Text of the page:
Encouraging appropriate levels of commitment and participation from your child

Admissions officers at selective colleges and universities want to see commitment to activities over time, rather than a series of single-year affiliations with various clubs and committees.  The most selective institutions value leadership positions — captaining a team, editing a school publication, holding student government office — although, once again, no single formula guarantees admission.  Commitment and leadership can signify your child’s interest in a particular area, his work ethic, his ability to command peer and faculty respect, and, in certain instances, his ability to stretch himself beyond normal expectations.  From an admissions perspective, all of these qualities could benefit any college campus and also bode well for future success.

Your child will fare better in the college admissions process if he focuses on activities that matter to him and sticks with them over time, as opposed to getting involved with many but for only a short duration.  Freshman and sophomore years give your child a chance to experiment with and experience the options that his high school offers.  Jumping around from club to club through all four years of high school, however, can suggest that your child is trying to bolster his college application (albeit misguidedly) rather than participating in activities because they interest him.  That pattern can also lead admissions officers to question his ability to make a commitment and stick to it.

If your child has made a commitment, underscore to him the importance of fulfilling it.  Signing up for the school play means seeing it through until the curtain falls on the final performance and the set has been taken down.  Competing on a team calls for attending every practice and meet in a season.  Grades nine and 10 give you the opportunity to observe how your child handles competing responsibilities and new experiences and allow your child to learn the importance of following through on what he has said he will do.  Stumbling and even falling a few times in those first two years will not harm his prospects for college, as long as he learns from his mistakes.  Quitting the school play in the middle of rehearsals or dropping a sport midseason as a freshman looks very different from doing the same thing as a junior or senior.

One young man from my admissions territory at Yale who had outstanding grades and standardized test scores and an impressive extracurricular profile still stands out in my memory and illustrates the importance of following through on commitments.  His letters of recommendation looked puzzlingly lukewarm given his outstanding record.  I called his high school to get additional information.  His guidance counselor explained in our conversation that this young man had a history of signing up for activities, taking on leadership positions because he thought they looked good for college, and then repeatedly shirking his commitments and leaving other students to pick up the pieces.  This pattern of behavior had caused both teachers and students to see him in a negative light and made it difficult for his recommenders to write about him with the enthusiasm that one would have expected based on the rest of his profile.  Sure enough, when I presented my slate, one of my colleagues on the committee stopped me to ask why we were not discussing this young man.  I recounted the conversation with the guidance counselor, the committee agreed that we did not need to review his candidacy further, and we moved on.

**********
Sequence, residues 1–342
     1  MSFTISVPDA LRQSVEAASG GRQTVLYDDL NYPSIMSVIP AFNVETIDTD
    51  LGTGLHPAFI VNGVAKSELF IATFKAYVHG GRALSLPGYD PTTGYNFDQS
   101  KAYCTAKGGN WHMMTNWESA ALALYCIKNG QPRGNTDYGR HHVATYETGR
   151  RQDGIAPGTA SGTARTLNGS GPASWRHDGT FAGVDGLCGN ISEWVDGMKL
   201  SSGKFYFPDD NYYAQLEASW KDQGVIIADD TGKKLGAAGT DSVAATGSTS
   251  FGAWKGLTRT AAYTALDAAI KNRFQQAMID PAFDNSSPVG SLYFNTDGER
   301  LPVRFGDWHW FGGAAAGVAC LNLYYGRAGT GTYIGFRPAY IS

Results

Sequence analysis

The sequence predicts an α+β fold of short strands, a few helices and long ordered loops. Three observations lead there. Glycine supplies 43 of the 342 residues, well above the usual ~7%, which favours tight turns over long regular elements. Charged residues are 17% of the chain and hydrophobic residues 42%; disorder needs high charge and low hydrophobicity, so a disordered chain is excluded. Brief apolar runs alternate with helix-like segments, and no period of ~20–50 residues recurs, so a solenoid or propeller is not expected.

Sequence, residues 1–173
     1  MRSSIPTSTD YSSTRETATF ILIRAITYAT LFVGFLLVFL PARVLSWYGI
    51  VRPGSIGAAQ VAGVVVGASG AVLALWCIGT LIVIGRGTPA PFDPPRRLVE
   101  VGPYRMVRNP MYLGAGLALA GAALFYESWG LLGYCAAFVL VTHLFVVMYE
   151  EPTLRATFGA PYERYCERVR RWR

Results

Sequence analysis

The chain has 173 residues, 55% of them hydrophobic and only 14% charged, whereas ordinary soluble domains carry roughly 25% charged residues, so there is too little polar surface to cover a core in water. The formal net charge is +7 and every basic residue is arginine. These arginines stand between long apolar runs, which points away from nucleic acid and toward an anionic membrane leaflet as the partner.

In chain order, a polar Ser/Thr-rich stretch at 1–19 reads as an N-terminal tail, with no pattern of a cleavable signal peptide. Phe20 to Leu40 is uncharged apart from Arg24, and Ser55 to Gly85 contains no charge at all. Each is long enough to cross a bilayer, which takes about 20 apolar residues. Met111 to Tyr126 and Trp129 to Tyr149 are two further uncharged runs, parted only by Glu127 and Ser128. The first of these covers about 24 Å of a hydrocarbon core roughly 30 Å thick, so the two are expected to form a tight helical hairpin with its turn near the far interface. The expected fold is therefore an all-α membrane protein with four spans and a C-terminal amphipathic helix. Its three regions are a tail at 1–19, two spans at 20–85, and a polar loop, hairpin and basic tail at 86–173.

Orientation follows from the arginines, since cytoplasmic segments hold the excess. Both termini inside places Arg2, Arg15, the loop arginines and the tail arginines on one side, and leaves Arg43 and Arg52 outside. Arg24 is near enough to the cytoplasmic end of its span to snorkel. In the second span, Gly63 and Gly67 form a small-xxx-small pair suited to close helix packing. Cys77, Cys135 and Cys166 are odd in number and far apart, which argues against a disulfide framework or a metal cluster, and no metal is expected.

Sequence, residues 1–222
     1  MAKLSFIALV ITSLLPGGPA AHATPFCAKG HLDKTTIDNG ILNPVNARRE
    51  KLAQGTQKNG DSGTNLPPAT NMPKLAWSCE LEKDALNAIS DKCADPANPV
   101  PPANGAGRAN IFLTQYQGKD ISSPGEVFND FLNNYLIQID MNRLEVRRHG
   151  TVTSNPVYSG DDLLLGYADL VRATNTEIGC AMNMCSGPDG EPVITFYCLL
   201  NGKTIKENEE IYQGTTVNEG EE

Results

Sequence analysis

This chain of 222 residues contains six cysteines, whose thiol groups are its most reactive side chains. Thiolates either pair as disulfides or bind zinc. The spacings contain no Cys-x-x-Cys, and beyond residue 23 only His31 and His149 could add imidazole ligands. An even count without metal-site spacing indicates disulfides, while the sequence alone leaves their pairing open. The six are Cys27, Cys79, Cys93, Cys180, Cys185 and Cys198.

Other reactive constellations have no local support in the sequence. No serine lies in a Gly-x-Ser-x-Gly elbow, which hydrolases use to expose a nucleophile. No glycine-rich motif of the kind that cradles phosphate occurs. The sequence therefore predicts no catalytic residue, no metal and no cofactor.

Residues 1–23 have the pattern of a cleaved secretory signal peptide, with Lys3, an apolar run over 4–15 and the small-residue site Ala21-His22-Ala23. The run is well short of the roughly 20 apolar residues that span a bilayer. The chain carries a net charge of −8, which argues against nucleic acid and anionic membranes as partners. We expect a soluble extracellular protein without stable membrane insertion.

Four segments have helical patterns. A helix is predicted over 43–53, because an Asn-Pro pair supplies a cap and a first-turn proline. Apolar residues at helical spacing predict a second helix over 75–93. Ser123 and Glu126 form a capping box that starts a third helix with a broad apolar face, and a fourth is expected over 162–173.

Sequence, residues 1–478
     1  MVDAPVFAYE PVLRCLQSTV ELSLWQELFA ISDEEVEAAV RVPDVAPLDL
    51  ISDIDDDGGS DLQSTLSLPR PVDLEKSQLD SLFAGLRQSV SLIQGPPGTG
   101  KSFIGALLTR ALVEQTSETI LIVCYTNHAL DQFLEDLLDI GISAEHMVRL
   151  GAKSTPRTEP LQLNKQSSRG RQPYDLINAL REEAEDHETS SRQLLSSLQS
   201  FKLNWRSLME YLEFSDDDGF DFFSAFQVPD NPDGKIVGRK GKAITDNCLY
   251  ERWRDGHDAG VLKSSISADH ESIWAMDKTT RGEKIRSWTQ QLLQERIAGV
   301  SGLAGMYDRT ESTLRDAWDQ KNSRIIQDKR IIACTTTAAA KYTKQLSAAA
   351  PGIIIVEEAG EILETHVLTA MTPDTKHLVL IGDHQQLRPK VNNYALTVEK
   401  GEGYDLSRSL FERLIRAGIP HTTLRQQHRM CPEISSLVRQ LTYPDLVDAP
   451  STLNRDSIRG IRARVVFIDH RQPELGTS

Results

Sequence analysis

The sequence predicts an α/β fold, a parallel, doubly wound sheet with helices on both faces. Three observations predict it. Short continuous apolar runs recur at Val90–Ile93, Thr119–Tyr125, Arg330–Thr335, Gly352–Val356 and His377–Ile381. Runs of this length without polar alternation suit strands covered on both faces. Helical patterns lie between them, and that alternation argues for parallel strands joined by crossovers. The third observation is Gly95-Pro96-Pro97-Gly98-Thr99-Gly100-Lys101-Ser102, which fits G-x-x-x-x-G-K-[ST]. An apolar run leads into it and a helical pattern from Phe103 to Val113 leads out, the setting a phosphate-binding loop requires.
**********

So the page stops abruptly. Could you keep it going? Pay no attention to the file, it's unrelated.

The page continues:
Leadership positions in the extracurricular realm, although attractive to admissions officers, do not suit all personalities.  Consistent participation in high school, even without evidence of leadership, provides a platform for solid citizenship in college, a trait that could develop into leadership as a student matures.  The right college or university for the “solid participant” will recognize and value that type of extracurricular profile.  Admissions officers also understand that not all students have access to formally designated leadership roles.  A young person working 20 hours a week to help support his family has clearly taken on a leadership role at home but will not be able to stay after school for team practices or club meetings.  A child’s personality, interests, and circumstances factor into whether or not a leadership role suits him; it makes no sense, from a college admissions perspective, to try to push a round peg into a square hole.

Those students seeking spots at Top 20 colleges and universities also need to understand the broad context in which admissions officers view extracurricular leaders.  Tens of thousands of team captains, editors, and student body presidents apply to these institutions each year.  Your child will do little to differentiate himself from his peers in this highly competitive pool simply because he holds a title or two.  Admissions officers at these institutions want to know how your child used his opportunity to lead and, ideally, that he stretched himself beyond the existing or expected parameters of his world.  Assume, for example, that two high school sailing team captains demonstrate equal levels of skill:  The first had never set foot on a boat before the age of 15, while the second grew up spending weekends at his parents’ yacht club.  Sailing captain number one has a greater likelihood of catching a reader’s attention than sailing captain number two.

Next up:  Determining your child’s level of talent and how it can help in the college admissions process.